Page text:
Wadham's Song (R N Wadham) MIDI, video
#1318: YouTube video by threelegsoman
©2010 ~ Used with permission ~

midi file   alt: midi file

(To tune of I'll Tell Me Ma. See notes below)

From Bonavista Cape to the Stinking¹ Isles,
The course is north full forty miles
When you must swing away northeast
Till Cape Freel's Gull Island bears nor'-nor'west.

Then nor'-nor'west thirty-three miles,
Three leagues off shore lies Wadham's Isles
Where of a rock you must take care;
Two miles sou'-sou'east from Isles it bear.

Then nor'west by west twelve miles or more,
There lies Round Head on Fogo's shore;
But nor'-nor'west seven or eight miles,
Lies a sunken rock near Barrack's Isles.

Therefore, my friend, I would you advise,
Since all these rocks in danger lies,
That you may never amongst them fall,
But keep your luff and weather them all.

As you draw near to the Fogo land,
You'll have fifteen fathoms in the sounding sand,
From fifteen to eighteen, never more,
And that you'll have close to the shore.

When you abreast of Round Head be,
Then Joe Batt's Point you'll plainly see;
To starboard then three or four miles,
You'll see a parcel of damned rugged isles.

When Joe Batt's Arm you are abreast,
Fogo Harbour bears due west;
But unkind fortune unluck laid
A sunken² rock right in the trade.

So, nor-nor'west you are to steer,
Till Brimstone Head doth appear,
Which over Pilley's Point you'll see
That of that danger you are free.

And as you draw within a mile,
You'll see a house³ on Symes's Isle;
The mouth of the channel is not very wide,
But the deepest water is on the larboard side.

When within Symes's Point you have shot,
Then three fathoms of water you have got;
Port hard your hellum and take care,
In the mid-channel for to steer.

When Pilley's Point you are abreast,
Starboard haul, and steer sou'-sou'west
Till Pilley's Point covers Syme's stage;
Then you are clear, I will engage.

####.... R N Wadham, 1756 ....####
Published in Gerald S Doyle's Old Time Songs And Poetry Of Newfoundland: Songs Of The People From The Days Of Our Forefathers (First edition, pp.35-37, 1927; Fourth edition, p.70, 1966).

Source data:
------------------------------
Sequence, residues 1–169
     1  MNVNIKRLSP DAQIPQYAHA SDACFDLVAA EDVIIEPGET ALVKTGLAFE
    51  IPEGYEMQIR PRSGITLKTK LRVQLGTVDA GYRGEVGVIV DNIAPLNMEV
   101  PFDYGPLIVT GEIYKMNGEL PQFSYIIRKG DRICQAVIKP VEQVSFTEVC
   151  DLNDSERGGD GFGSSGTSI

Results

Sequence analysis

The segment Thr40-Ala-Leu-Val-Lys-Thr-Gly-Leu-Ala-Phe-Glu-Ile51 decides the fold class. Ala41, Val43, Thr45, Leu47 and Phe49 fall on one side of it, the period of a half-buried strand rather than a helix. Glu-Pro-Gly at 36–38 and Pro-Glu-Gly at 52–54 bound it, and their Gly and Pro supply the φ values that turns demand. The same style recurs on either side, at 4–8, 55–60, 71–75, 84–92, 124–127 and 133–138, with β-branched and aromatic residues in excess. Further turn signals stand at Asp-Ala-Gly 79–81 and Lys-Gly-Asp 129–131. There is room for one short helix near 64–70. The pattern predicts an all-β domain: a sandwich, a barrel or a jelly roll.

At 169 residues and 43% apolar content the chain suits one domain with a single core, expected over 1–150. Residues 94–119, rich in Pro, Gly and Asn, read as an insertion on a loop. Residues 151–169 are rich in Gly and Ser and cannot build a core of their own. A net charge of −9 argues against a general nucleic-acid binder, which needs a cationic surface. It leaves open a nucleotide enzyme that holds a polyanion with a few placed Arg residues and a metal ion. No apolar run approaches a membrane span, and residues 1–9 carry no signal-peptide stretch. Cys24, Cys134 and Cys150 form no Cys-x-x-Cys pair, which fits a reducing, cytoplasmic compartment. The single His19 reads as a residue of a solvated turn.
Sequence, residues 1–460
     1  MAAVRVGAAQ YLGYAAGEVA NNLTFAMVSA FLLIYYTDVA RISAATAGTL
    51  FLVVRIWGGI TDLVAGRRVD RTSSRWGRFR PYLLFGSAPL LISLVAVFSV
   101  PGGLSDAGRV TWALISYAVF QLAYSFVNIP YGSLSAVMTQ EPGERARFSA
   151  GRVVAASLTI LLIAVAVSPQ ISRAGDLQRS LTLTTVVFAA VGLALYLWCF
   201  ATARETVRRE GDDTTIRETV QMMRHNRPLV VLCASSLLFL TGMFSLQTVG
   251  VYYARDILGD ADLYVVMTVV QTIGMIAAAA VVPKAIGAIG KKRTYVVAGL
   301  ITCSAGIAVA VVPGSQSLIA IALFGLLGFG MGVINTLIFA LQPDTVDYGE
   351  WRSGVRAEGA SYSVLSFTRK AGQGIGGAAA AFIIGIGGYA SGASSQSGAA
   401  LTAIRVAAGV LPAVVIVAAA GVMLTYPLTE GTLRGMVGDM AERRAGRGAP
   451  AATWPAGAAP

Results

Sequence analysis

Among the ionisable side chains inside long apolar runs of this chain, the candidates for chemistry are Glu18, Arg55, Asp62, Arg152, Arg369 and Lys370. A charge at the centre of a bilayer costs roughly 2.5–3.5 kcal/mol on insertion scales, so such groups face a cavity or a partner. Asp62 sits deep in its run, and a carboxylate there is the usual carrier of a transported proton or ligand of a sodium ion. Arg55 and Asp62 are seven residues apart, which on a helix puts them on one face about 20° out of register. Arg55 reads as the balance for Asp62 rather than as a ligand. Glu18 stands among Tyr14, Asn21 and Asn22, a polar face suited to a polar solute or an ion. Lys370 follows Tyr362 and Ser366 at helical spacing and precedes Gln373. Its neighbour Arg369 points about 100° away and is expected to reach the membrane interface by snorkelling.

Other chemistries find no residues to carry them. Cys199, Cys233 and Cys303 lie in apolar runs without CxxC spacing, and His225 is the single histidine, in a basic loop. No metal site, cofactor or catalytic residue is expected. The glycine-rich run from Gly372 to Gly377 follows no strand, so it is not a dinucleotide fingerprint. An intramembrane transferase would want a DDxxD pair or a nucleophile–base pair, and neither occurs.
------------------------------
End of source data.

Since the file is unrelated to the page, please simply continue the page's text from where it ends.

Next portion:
Gerald Doyle noted that this song: "was called after the author who wrote it in the year 1756. Thousands of fishermen may remember hearing short snatches of the song, but it is doubtful if a dozen Newfoundlanders can recite it as it is recorded here. It was placed on record in the Admiralty's Court in London, and was considered the best coasting guide for that part of our Island home to which it refers."

An earlier variant was printed in 1905 on pp.22-24 of Murphy's Sealers' Song Book , in 1925 on pp.15-16 of Songs Sung By Old Time Sealers Of Many Years Ago, and in 1923 on p.14-15 of Songs Their Fathers Sung, For Fishermen: Old Time Ditties; all three were published in St John's by James Murphy [1867-1931], who noted the following:
¹ Stinking Isles - Cabot Isles.
² a sunken rock - Dean's Rock.
³ house on Syme's Isle - no longer standing.

From the Encyclopedia of Newfoundland and Labrador, volume 3, p.668, 1991, Harry Cuff Publications Ltd, St John's, NL:
"Musical notation was not provided with the text so there is no information pertaining to the actual tune."

On the other hand, the Renaissance Dance site claims "Pilot verses were sailing directions sung to popular tunes ... Hugill [apparently not in Shanties from the Seven Seas] quotes [Wadham's Song] to the tune of I'll Tell Me Ma, which is still well known."

From the Dictionary Of Newfoundland English:
Stage - elevated platform ashore with working tables, sheds, etc, where fish are landed and processed for salting and drying, and fishing gear and supplies are stored; fishing stage.

The video above features an excellent 12-string guitar performance of a variant by Tony Archibald from Port St Mary on the Isle of Man.


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